Re: [arch-d] [IAB] Call for Comment: <draft-iab-for-the-users-02> (The Internet is for End Users)

Joel Halpern Direct <> Thu, 06 February 2020 14:47 UTC

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To: Martin Thomson <>,,
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From: Joel Halpern Direct <>
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Date: Thu, 6 Feb 2020 09:47:31 -0500
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Subject: Re: [arch-d] [IAB] Call for Comment: <draft-iab-for-the-users-02> (The Internet is for End Users)
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Yes, put simply, I think that declaring that the user's interest takes 
precedence over everything else is wrong.  You or the IAB as a whole are 
of course free to come to different conclusions, but I think it is 
actually very helpful to view it as a tussle with a veriety of itnerests 
that need to be respected.

If the IAB really wants to say that they think the tussle is over, I 
would expect to see the names of approving IAB members at the end of the 
document when this is done.  If, on the other hand the IAB considers 
this a useful perspective but not necessarily one they all agree with, 
then I would expect that to be clearly stated.

Personally, if the IAB takes the stance that this is a done deal, and 
the tussle is over, that will decrease the likelihood of my bothering to 
pay attention to the specifics (to the extent they exist) in the 
document.  Your choice.


On 2/6/2020 9:28 AM, Martin Thomson wrote:
> Hi Joel,
> On Thu, Feb 6, 2020, at 01:24, Joel M. Halpern wrote:
>> But the underlying tone that the End User concerns should take
>> precedence over everything else seems to be incorrect.
> Are you suggesting that it is incorrect in that it is not a provable statement in a mathematical sense and more a value judgment?
>  From my perspective, that value judgment is right (in the moral sense) and that we should be saying this.  Having the IAB say this is also important, though I would of course be happier if the IETF said the same.  This statement is consistent with similar statements from the IETF (as referenced, RFC 3935), and other organizations (see for example the W3C position <>).
> As a letter to the IETF, I hope that it has weight, but it does not set out to have any sort of normative force.  Choosing a different basis from which to design a protocol would not automatically disqualify it from consideration for publication on the IETF stream, though I hope that people would be motivated to ask pointed questions or contest something that, for instance, might favour operations to the detriment of individual interests.  Arguably, we already do that; see RFCs 7871 and 7974 for published cases of where that happened with different results.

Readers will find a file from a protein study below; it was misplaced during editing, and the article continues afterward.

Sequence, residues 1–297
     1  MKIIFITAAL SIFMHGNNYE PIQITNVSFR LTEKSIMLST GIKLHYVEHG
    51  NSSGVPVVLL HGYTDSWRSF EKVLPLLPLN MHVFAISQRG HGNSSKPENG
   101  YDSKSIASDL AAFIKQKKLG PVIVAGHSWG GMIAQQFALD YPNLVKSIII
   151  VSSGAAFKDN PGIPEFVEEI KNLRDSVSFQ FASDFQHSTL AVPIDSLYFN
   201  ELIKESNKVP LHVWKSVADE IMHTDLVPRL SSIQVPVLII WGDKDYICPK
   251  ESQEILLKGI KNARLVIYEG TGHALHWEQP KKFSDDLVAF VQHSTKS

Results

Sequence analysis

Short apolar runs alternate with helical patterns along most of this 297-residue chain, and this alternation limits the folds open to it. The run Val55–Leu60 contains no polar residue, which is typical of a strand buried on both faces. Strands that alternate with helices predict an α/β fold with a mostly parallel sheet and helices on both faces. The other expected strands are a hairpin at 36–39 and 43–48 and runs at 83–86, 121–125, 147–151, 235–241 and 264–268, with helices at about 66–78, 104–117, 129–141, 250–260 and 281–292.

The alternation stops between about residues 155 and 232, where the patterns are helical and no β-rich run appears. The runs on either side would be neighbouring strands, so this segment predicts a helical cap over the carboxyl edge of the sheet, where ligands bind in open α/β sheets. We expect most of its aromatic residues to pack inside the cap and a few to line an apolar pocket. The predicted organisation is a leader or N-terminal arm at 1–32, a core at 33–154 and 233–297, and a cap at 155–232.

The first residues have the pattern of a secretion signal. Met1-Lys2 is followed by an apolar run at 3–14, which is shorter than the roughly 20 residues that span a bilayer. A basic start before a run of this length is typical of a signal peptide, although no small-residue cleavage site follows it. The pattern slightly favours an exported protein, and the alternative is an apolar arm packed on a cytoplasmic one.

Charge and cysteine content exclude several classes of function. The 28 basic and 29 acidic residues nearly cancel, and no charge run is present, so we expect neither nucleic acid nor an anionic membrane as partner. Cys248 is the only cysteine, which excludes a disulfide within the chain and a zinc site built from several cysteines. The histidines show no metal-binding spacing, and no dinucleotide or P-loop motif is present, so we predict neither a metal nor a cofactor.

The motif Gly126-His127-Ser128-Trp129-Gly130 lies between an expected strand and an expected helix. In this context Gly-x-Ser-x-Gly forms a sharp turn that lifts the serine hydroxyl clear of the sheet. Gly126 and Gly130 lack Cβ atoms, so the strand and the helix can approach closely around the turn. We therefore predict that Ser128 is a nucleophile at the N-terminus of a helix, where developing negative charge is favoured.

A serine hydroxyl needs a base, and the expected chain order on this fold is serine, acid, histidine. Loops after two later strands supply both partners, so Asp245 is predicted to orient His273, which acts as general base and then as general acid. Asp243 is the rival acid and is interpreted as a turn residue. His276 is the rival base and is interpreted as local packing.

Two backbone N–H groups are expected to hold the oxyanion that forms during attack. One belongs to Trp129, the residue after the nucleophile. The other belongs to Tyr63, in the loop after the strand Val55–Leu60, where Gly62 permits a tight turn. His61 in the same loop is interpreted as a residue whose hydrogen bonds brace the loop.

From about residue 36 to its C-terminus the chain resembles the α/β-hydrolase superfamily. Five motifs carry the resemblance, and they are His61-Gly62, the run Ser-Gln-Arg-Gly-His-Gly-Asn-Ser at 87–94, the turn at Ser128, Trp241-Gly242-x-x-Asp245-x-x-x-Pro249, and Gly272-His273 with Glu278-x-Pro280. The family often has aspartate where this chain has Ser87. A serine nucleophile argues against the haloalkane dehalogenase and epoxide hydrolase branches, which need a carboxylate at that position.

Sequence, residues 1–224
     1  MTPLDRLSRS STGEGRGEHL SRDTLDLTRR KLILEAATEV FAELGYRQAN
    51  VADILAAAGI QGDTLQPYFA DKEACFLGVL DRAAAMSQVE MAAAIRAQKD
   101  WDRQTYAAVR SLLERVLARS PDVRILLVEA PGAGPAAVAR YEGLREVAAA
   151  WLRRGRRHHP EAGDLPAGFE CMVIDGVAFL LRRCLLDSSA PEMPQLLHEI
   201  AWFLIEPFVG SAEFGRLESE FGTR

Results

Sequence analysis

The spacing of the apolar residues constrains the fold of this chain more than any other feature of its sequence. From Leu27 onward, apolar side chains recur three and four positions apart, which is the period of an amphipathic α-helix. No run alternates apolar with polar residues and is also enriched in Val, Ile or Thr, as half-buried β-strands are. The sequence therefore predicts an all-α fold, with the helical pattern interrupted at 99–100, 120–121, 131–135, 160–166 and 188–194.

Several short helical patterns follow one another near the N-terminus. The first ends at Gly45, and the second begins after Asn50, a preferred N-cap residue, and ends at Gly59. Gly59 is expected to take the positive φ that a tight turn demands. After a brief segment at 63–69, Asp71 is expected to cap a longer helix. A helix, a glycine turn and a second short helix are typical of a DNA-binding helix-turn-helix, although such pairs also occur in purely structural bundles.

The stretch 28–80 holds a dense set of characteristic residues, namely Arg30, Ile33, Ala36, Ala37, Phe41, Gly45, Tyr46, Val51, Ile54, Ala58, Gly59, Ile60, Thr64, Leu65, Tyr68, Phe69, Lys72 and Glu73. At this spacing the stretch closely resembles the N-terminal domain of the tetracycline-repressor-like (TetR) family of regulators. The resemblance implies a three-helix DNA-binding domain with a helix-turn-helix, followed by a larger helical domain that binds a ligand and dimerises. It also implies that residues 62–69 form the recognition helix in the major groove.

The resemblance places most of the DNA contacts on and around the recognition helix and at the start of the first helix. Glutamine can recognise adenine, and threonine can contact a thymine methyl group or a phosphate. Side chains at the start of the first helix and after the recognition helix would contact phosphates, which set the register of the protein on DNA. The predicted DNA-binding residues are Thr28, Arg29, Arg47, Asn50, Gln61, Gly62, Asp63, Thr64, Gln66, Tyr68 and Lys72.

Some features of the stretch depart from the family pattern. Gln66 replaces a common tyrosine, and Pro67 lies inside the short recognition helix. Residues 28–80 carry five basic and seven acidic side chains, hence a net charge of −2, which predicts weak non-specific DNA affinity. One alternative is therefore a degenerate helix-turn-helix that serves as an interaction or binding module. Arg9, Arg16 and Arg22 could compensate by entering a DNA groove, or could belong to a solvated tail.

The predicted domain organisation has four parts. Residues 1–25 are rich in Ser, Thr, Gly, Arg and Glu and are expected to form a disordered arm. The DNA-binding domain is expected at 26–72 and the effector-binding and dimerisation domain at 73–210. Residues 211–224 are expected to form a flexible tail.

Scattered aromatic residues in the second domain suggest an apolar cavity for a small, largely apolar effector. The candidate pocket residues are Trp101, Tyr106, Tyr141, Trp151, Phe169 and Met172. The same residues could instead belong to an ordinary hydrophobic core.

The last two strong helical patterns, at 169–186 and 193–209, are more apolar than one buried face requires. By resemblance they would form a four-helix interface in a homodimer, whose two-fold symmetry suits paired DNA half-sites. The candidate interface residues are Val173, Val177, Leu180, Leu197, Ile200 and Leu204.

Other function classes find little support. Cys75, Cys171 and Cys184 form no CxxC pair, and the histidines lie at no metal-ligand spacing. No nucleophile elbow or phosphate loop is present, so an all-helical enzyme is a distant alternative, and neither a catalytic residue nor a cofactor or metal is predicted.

> You cite some examples that seem to imply that you think that this general assertion is wrong in general, namely connected "stuff" and people who operate the network (though not those who build and design it, curiously).  Both of those concerns are addressed in the draft.  To sharpen those points: network operations exist to serve the network, which exists to serve the users of that network; devices exist to serve a range of use cases, which generally ultimately have users also.  Draw a longer chain and the value to people becomes more diffuse and abstract; see also <>.  But the draft also recognizes the potential for instances where the balance of interests might end up favouring other entities.
> I do see this as a partial refutation of the tussle theory, to Bernard's point, but I don't see a need to address that more directly.
> It's true that we cannot always predict the effect of our choices, but it seems to me that there is a prevailing attitude that says we MUST NOT consider things like social implications.  That to me is where we go wrong.  Good engineering considers all the requirements, not just the convenient ones.
> Cheers,
> Martin